Ex: Nam says to his father:

  1. - Ba ơi, chiều nay ba chở cu Bin đi ăn kem nha ba.

  • Con muốn ăn kem hả? Được rồi, chiều ba chở hai anh em đi.

In example (49), it can be easily recognized that Nam wants to eat ice-cream, but because he does not dare to say so, he says that it is Bin who wants to have ice-cream.

Thirdly, the speakers can use the association between things to make indirect imperatives. This case can be seen in example (1) – (3). When the speaker says that “Trời lạnh quá”, the receiver can associate the coldness with the wish of the speaker: “đóng cửa, mở lò sưởi, lấy áo ấm”. So, due to the contexts, the receivers can get what the speakers want correctly, and then, they can choose whether to accept or refuse the imperatives. Whatever they do, it also reduce the threat of losing face of the speakers and increase the freedom of the receivers.

Fourthly, interrogative can be used to make imperatives. With this kind of imperative, the receivers can infer what the speakers want and have freedom to decide. So, it also increases politeness.


  1. - Cậu có dư cây bút nào không?

  • Có. Đây, cậu cầm lấy.

In example (50), we can see that the first speaker does not mention his/her intention of borrowing the pen but the second still get it and gives him/her the pen. Here, the imperative is made successfully.

Furthermore, interrogative imperatives can be categorized into these subgroups:



  • Ending with words such as: à, ư, ạ, nhé, nhỉ, hả, hở, chứ, chớ, etc.: the speakers use these words to look for the agreement and acceptance from the receivers.

  1. Mẹ đồng ý cho con đi chơi mẹ nha?

  2. Em thắp đèn lên cho chị Liên nhé? (Thạch Lam)

  3. Chút nữa bạn đi với tôi chứ?

  • Having interrogative pronouns “gì, làm gì, ai, sao, bao nhiêu, mấy, bao giờ, đâu, etc.”: these words anticipate in the act of imperative, and in the same time, causing the surprise (54), giving heartfelt advice (55) or gentle but deep criticism (56) so that the imperatives will be more polite.

  1. Chết! Lạy ông, con cháu nào dám thế! Sao ông lại nghĩ vẩn vơ như vậy? (Nguyễn Công Hoan)

  2. Cậu ốm như vậy sao không ở nhà?

  3. Sao anh không về chơi thôn Vĩ? (Hàn Mặc Tử)

  • Having the word “hay, hay là” (or): give the receivers the freedom to choose.

  1. Hay anh ở lại dùng bữa với nhà em một hôm rồi hẵng đi.

  2. Hay là mình đi xem phim đi.

  • Having interrogative pairs such as “có…không?, có thể…được không?, đã…chưa?, xong (rồi)… chưa?, được không?, được chưa?, được chứ?,etc.”: these pairs make the imperatives polite because they reduce the imposition and increase the freedom of the receivers.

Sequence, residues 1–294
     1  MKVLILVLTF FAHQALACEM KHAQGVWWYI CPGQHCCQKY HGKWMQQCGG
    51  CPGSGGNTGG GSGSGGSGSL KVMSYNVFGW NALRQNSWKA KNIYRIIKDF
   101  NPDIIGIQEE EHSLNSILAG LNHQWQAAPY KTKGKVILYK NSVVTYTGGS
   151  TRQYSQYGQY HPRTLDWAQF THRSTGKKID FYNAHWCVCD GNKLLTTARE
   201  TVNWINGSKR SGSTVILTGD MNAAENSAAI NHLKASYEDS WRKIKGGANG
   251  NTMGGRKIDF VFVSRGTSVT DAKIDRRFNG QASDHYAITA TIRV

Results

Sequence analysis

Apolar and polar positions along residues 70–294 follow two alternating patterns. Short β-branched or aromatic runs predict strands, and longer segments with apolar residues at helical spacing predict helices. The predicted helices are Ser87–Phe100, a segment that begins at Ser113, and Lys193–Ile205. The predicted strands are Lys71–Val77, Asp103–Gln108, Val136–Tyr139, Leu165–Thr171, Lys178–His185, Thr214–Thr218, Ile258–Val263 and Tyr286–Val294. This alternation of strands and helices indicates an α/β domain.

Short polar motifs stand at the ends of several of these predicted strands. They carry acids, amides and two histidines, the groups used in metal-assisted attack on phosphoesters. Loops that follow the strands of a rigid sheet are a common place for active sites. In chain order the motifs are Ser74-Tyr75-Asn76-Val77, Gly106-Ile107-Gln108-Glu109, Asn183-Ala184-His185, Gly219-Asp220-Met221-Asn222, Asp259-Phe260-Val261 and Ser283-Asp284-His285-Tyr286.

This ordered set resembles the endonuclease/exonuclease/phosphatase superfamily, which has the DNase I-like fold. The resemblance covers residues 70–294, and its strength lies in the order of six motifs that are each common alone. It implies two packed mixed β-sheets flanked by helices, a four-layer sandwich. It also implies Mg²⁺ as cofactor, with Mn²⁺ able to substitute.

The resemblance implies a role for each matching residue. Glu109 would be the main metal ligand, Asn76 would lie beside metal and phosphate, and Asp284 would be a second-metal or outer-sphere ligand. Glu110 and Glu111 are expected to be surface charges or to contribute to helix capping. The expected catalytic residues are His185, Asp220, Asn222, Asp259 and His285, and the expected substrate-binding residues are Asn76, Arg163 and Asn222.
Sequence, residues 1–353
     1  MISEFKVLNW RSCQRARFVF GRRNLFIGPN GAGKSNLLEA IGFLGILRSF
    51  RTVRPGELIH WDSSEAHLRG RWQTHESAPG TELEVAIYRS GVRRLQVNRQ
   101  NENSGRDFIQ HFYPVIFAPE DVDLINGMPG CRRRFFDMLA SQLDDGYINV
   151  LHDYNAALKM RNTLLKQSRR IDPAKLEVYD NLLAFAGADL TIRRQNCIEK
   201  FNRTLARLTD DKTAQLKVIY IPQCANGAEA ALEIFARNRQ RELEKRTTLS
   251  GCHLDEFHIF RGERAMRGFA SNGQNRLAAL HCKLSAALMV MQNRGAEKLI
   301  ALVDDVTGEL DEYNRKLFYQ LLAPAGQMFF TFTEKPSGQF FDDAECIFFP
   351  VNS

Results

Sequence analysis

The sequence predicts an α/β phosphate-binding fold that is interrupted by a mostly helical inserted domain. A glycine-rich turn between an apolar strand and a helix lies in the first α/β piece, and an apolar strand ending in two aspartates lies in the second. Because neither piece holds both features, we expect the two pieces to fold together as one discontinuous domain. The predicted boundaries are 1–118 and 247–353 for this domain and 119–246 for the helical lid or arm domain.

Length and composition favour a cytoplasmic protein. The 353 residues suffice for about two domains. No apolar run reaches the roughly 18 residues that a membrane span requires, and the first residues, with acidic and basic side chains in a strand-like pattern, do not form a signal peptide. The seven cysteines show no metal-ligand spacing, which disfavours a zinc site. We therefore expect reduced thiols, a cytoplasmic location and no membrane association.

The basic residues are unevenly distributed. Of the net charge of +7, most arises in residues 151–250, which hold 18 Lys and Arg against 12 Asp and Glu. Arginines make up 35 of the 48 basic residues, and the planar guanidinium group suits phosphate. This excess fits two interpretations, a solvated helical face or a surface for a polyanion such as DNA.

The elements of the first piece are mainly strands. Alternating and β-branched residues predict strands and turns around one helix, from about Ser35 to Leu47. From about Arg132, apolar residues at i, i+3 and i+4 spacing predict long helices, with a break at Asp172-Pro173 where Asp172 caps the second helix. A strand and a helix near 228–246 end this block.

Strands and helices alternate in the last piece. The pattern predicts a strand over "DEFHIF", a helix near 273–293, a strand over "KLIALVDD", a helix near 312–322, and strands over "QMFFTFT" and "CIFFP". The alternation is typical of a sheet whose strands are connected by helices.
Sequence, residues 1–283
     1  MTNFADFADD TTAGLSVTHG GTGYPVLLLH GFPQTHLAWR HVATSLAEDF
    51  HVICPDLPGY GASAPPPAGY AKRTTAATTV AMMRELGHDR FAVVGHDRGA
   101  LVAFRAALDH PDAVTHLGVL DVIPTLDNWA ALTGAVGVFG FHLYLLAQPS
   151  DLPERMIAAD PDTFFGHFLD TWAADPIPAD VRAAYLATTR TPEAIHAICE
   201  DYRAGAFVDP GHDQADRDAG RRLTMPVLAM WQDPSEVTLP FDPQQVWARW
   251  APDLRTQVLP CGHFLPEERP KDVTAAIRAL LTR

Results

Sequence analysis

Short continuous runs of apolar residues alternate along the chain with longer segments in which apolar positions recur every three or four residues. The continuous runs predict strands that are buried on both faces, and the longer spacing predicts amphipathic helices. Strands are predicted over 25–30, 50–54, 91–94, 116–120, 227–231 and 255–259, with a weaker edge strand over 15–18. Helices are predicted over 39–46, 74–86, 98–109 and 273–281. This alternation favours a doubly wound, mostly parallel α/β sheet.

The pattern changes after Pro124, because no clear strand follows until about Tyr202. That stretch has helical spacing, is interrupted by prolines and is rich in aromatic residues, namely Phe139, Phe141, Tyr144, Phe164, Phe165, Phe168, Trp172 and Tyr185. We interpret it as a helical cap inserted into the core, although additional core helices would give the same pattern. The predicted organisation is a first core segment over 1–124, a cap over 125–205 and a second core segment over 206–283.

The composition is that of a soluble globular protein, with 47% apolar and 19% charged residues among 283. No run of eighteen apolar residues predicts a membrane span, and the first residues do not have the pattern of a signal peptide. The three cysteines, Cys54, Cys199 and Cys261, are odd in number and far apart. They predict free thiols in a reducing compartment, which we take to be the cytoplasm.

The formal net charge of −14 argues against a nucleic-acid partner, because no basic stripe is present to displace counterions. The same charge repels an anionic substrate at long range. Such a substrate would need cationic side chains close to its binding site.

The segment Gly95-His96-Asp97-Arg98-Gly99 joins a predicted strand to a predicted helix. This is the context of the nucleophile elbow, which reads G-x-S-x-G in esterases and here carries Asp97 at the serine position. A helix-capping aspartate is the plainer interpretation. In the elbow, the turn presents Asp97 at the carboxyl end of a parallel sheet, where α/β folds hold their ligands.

1. Ông có thể cho tôi xem chứng minh được không?

  2. Mình đi được chưa mẹ?

  • English imperatives

Because English people are highly self-respectful and highly independent, they often get angry and feel uncomfortable when being given imperatives by other people. Therefore, using the appropriate strategies to make imperatives more polite will reduce the tension and make them feel good.

As mentioned above, pronouns do not play an important role in English, however, plural pronoun including speaker - “we” - can be used to soften the imperatives and the reason is the same as in Vietnamese: the receivers are not imposed to do the imperatives alone. The most common form we can see is “Let’s + V.inf”



  1. Let’s sing a song!

  2. Let’s go!

Similar to Vietnamese, English also has words to draw attention before making an imperative: “excuse me, I’m sorry but, pardon, hey, etc.”:

  1. Excuse me, can you show me the way to the post office?

  2. Hey, don’t laugh!

  3. I’m sorry but you must wait for your turn, sir.

In the first and the third example, besides drawing attention, “excuse me” and “I’m sorry but” also make the receivers feel good when they add the apology together with the imperatives. In second imperative, “hey” is only used between people who have close relationship or between the ones who are at the same age, same status. So, “hey” will help increase the intimacy. Therefore, these words will make the imperatives more polite.

One of the easiest and the most common way to make the imperatives polite is to use “please” or in written English, you might also use “Kindly + V.inf”.



  1. Please take a seat.

  2. Give me the bottle, please.